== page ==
When your "problems" are all pulled from the same "Shitty Questions and Tests for Shitty Interviews" site/book, what do you expect? If you're looking for people who talk about "design principles" or "design by contract", you're retarded. There are only three design principles: Correct, secure, and fast. There is only one design contract: Deliver X for $Y. If you don't understand what X is or why it's X and not x (even if the customer doesn't, or if the customer asks for X when they need x) then you're gonna have a bad time. See Oracle and IBM and anyone who's ever contracted with them.

You're getting mindless applicants because you're asking mindless questions. You cannot discern a competent programmer/developer from an incompetent one because you're looking for memorization, certifications, etc. Of course, the people conducting the interviews are typically not competent programmers/developers, so they don't know what else to look for or how else to evaluate applicants.

Comment Re:Can't see the forest for all the trees (Score 1) 385

Batman vs Superman was an okay one time movie, not worth the popcorn and soda that a theater experience requires, but watchable one time movie, just to see WonderWoman and Aquaman.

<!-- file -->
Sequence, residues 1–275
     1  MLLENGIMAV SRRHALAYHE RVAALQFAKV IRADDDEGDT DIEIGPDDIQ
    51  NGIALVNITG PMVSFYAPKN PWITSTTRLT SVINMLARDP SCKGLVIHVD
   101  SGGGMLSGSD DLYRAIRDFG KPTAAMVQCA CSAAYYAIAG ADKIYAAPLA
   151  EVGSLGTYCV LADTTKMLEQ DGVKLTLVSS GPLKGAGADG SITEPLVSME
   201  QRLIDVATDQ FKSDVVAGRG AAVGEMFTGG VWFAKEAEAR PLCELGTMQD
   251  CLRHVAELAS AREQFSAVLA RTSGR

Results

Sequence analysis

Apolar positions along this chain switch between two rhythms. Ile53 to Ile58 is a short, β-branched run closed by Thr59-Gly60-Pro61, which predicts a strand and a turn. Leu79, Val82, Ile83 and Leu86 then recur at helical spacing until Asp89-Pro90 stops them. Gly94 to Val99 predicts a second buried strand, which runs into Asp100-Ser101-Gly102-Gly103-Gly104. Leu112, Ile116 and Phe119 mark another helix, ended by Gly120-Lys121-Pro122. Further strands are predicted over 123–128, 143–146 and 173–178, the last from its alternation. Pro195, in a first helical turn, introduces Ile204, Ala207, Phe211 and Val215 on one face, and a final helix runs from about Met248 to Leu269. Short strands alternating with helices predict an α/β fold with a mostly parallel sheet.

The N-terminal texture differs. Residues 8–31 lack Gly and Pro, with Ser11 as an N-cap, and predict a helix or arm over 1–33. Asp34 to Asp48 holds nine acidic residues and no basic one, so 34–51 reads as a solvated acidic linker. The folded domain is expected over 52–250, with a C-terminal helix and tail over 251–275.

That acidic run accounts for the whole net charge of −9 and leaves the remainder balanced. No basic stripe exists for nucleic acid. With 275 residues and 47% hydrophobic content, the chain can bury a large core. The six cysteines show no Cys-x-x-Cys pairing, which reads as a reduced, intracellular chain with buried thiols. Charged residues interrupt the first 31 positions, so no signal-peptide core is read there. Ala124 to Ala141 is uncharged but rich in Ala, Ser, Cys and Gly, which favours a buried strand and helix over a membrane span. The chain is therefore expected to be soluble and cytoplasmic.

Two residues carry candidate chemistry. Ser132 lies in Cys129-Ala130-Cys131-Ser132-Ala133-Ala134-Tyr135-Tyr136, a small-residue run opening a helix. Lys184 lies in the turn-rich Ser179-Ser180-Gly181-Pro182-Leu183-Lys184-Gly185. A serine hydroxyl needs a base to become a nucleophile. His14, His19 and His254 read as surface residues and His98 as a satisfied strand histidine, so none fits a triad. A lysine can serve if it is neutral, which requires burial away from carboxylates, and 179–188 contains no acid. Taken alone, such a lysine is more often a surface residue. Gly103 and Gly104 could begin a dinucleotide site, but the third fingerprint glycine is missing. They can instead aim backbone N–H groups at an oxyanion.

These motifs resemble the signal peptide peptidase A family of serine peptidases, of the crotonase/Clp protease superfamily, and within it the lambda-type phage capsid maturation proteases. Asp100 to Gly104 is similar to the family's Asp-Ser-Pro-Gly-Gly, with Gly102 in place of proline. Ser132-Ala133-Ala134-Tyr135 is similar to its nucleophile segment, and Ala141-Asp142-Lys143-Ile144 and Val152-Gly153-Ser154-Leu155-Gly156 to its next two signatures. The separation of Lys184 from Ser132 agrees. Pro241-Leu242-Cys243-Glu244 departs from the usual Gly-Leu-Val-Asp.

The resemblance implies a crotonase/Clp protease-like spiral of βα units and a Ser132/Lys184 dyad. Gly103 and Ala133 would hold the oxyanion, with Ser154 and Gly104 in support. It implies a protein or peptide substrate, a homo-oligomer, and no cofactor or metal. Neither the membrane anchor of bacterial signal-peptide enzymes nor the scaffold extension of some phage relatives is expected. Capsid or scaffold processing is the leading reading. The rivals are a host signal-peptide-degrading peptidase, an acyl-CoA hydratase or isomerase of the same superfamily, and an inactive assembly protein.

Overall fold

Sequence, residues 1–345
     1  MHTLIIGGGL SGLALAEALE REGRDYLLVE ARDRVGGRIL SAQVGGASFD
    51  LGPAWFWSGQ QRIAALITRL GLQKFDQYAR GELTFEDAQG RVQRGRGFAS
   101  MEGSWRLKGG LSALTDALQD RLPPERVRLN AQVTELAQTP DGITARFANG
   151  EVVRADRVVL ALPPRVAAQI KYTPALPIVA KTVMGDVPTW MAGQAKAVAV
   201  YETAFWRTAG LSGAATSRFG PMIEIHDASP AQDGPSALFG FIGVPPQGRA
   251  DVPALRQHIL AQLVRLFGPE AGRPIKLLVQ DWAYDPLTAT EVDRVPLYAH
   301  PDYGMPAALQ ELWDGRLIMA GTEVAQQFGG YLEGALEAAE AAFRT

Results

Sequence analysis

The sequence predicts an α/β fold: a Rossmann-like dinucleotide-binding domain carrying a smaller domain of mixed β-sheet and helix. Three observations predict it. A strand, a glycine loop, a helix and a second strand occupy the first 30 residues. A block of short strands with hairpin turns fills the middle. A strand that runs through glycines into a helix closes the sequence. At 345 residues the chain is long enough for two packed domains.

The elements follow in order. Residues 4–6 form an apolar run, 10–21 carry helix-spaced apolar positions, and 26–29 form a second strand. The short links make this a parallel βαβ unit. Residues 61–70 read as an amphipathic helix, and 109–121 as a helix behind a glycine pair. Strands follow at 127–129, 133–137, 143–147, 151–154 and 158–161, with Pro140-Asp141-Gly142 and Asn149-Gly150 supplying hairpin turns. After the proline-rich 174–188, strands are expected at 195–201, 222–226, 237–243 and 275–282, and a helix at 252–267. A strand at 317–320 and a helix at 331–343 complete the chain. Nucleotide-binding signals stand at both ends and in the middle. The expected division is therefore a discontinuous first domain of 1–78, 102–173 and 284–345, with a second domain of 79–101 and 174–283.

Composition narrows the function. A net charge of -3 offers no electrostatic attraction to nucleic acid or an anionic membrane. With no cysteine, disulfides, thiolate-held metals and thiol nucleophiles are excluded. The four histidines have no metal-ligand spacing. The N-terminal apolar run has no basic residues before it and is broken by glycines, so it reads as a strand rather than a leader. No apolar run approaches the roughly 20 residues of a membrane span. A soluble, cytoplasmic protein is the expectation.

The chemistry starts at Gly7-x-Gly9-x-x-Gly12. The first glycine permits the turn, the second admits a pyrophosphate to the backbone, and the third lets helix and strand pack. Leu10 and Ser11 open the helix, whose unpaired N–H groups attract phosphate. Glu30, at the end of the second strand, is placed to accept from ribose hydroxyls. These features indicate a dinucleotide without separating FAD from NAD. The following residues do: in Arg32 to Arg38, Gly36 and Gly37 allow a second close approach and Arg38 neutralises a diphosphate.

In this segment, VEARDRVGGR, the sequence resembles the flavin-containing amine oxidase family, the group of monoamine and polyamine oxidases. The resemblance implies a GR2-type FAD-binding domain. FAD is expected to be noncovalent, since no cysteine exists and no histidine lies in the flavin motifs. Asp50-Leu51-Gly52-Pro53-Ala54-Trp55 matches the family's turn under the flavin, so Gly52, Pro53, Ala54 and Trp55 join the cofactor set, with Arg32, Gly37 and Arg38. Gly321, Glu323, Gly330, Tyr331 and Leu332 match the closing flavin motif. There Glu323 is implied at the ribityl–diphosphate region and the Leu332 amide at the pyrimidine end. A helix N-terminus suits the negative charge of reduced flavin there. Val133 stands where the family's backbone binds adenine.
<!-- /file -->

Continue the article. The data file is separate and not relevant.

Certain actors shouldn't fill certain roles. It would have been much better to find an unknown to play Batman than put Ben Affleck in that role. He doesn't have the ability to pull it off. Being behind the mask, requires greater acting ability than normal, because you have to convey more with movement. It doesn't work for Ben as Batman. Though He works in "The Accountant" because his acting ability is fairly wooden, like the character, it works.

Henry Cavill sort of works for Superman, mainly because he "looks" the part.

Comment Re: Dictionary attack? (Score 1) 44

Even if we took it to mean that, it doesn't change ZDNet's inability to use the info to narrow the range of dates.

The password was clearly still associated with an account, even if that account was no longer is active use. Likewise, the password may have been reused with inactive accounts elsewhere, any one of which may have been compromised at any time. Just because the person only used the account in question between 2011 and 2015 doesn't mean that that's the only time the credentials could have been stolen.

Comment Re:It might not always be partially incorrect (Score 1) 44

It's fucking ridiculous.

"Some Of Hacker Group's Claim Of Having Access To 250M iCloud Account Aren't False"

Let's start with the easiest thing to correct. "250M iCloud Account" should be "250 Million iCloud Accounts".
And while we're telling shitty headlines to fuck off, we can tell them to at least follow their own bullshit rules and not capitalize the first letter of "of". I fucking hate style guides (because they're arbitrary, inconsistent, and ambiguous) but no major style guide (such as AP, Chicago, APA, and MLA) says to capitalize "of" in a headline.
Now let's tackle the core problem here: "Some", "Claim", and "Aren't". As far as I know, we're counting this as a single claim, so we can say that "some" of it "isn't false". If we're counting it as multiple claims, we can say "some" of the "claims" (plural) "aren't false".
For bonus points, we can kill off the double negative as well.